Classification of Viruses
Viruses are classified on the basis of morphology, chemical composition, and mode ofreplication. The viruses that infect humans are currently grouped into 21 families,reflecting only a small part of the spectrum of the multitude of different viruseswhose host ranges extend from vertebrates to protozoa and from plants and fungi tobacteria.
In the replication of viruses with helical symmetry, identical proteinsubunits (protomers) self-assemble into a helical array surrounding thenucleic acid, which follows a similar spiral path. Such nucleocapsids formrigid, highly elongated rods or flexible filaments; in either case, detailsof the capsid structure are often discernible by electron microscopy. Inaddition to classification as flexible or rigid and as naked or enveloped,helical nucleocapsids are characterized by length, width, pitch of thehelix, and number of protomers per helical turn. The most extensivelystudied helical virus is tobacco mosaic virus (Fig. 41-1). Many important structural features ofthis plant virus have been detected by x-ray diffraction studies. Figure 41-2 shows Sendai virus, anenveloped virus with helical nucleocapsid symmetry, a member of theparamyxovirus family (see Ch.30).
The helical structure of the rigid tobacco mosaic virusrod. About 5 percent of the length of the virion is depicted.Individual 17,400-Da protein subunits (protomers) assemble in ahelix with an axial repeat of 6.9 nm (49 subunits per threeturns). Each (more...)
Fragments of flexible helical nucleocapsids (NC) of Sendaivirus, a paramyxovirus, are seen either within the protectiveenvelope (E) or free, after rupture of the envelope. The intact nucleocapsid is about 1,000 nm long and 17 nm indiameter; its pitch (more...)
An icosahedron is a polyhedron having 20 equilateral triangular faces and 12vertices (Fig. 41-3). Lines throughopposite vertices define axes of fivefold rotational symmetry: allstructural features of the polyhedron repeat five times within each360° of rotation about any of the fivefold axes. Lines through thecenters of opposite triangular faces form axes of threefold rotationalsymmetry; twofold rotational symmetry axes are formed by lines throughmidpoints of opposite edges. An icosaheron (polyhedral or spherical) withfivefold, threefold, and twofold axes of rotational symmetry (Fig. 41-3) is defined as having 532symmetry (read as 5,3,2).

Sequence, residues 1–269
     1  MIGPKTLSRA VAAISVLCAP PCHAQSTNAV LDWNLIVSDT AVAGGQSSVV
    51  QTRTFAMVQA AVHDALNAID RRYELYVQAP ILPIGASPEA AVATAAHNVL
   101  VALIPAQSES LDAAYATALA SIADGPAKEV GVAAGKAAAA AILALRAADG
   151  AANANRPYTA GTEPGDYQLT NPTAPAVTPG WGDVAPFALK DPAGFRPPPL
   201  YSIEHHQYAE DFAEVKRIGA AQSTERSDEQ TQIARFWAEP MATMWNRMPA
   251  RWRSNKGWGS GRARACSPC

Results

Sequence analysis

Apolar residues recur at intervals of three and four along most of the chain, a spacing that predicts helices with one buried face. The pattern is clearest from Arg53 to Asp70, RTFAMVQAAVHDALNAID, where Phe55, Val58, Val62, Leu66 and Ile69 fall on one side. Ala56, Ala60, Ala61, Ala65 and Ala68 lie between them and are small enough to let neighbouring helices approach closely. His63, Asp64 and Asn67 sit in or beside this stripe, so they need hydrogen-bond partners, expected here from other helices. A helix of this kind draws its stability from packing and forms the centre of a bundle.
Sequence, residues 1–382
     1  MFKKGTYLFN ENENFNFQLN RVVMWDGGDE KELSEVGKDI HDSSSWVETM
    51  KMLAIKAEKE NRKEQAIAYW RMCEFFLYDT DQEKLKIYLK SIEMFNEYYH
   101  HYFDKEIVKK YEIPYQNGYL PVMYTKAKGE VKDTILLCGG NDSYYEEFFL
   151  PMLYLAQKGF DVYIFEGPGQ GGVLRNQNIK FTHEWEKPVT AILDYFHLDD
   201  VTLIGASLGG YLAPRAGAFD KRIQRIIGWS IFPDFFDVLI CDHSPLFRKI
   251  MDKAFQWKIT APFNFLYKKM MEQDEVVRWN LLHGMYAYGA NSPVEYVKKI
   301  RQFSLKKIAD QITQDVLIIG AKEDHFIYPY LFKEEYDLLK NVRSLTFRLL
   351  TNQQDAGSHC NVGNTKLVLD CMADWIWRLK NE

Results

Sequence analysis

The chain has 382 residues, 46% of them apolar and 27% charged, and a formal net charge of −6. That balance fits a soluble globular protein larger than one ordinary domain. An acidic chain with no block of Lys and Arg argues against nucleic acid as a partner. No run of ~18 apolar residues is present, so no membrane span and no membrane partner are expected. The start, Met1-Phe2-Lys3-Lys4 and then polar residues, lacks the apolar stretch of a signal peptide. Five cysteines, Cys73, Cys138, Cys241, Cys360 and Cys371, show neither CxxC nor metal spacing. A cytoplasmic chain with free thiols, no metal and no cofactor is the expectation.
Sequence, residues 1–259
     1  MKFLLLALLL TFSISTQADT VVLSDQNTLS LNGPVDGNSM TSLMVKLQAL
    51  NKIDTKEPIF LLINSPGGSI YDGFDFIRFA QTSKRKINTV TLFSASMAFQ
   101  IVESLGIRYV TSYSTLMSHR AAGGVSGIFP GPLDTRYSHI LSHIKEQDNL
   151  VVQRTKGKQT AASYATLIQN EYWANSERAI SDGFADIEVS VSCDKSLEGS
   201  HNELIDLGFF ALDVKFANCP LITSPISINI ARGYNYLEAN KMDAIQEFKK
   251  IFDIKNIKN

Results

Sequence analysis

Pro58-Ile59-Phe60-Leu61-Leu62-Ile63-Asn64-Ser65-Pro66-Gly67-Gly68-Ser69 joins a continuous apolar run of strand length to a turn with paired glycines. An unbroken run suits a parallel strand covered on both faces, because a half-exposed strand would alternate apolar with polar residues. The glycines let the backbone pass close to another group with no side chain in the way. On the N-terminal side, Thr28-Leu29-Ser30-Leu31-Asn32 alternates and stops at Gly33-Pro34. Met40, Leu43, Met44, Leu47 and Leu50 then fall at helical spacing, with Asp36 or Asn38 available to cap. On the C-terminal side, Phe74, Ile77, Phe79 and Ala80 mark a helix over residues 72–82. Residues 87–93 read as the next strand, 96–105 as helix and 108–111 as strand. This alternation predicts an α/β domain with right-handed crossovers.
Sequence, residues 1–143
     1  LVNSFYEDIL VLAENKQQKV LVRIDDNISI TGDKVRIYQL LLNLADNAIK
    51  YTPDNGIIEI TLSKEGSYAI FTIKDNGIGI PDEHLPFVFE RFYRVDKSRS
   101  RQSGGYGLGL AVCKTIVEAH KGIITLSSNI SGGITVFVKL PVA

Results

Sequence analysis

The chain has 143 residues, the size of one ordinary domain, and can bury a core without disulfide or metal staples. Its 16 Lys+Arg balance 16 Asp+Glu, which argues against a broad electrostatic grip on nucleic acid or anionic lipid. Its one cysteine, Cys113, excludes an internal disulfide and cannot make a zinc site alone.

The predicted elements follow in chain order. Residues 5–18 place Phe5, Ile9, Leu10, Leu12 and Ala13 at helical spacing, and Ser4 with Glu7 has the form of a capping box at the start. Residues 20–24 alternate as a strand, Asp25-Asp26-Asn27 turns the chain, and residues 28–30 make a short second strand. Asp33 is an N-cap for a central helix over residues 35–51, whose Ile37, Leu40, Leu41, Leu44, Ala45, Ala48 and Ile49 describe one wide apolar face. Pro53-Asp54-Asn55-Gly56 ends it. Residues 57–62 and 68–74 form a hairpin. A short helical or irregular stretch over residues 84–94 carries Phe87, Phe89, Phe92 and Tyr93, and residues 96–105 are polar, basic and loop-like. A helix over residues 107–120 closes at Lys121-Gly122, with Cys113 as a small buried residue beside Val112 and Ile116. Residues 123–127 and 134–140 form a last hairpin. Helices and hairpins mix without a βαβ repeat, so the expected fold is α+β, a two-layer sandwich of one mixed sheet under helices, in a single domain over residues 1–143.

Icosahedral models seen, left to right, on fivefold,threefold, and twofold axes of rotational symmetry. These axes are perpendicular to the plane of the page and passthrough the centers of each figure. Both polyhedral (upper) andspherical (lower) forms (more...)
Viruses were first found to have 532 symmetry by x-ray diffraction studiesand subsequently by electron microscopy with negative-staining techniques.In most icosahedral viruses, the protomers, i.e. the structural polypeptidechains, are arranged in oligomeric clusters called capsomeres, which arereadily delineated by negative staining electron microscopy and form theclosed capsid shell (Fig. 41-4 a/b). The arrangement of capsomeres into an icosahedral shell (compare Fig. 41-4 with the upper right modelin Fig. 41-3) permits theclassification of such viruses by capsomere number and pattern. Thisrequires the identification of the nearest pair of vertex capsomeres (calledpenton: those through which the fivefold symmetry axes pass) and thedistribution of capsomeres between them.
Adenovirus after negative stain electron microscopy. (A) The capsid reveals the typical isometric shell made up from20 equilateral triangular faces. The 252 capsomeres, 12 pentonsand the 240 hollow hexon capsomeres are arranged in a T= 25 symmetry (more...)
In the adenovirus model in Figure41-4, one of the penton capsomeres is arbitrarily assigned theindices h = 0, k = 0 (origin), where h and k are theindicated axes of the inclined (60°) net of capsomeres. The net axesare formed by lines of the closest-packed neighboring capsomeres. Inadenoviruses, the h and k axes also coincide with the edges of thetriangular faces. Any second neighboring vertex capsomere has indices h= 5, k = 0 (or h = 0, k = 5).The capsomere number (C) can be determined to be 252 from the h and kindices and the equation: C = 10(h2 +hk+ k2) + 2. This symmetry and number ofcapsomeres is typical of all members of the adenovirus family.
Virus Core Structure
Except in helical nucleocapsids, little is known about the packaging ororganization of the viral genome within the core. Small virions are simplenucleocapsids containing 1 to 2 protein species. The larger viruses containin a core the nucleic acid genome complexed with basic protein(s) andprotected by a single- or double layered capsid (consisting of more than onespecies of protein) or by an envelope (Fig.41-5).
Two-dimensional diagram of HIV-1 correlating (immuno-)electron microscopic findings with the recent nomenclature forthe structural components in a 2-letter code and with themolecular weights of the virus structural (glyco-)proteins. SU stands for (more...)
Chemical Composition and Mode of Replication
RNA Virus Genomes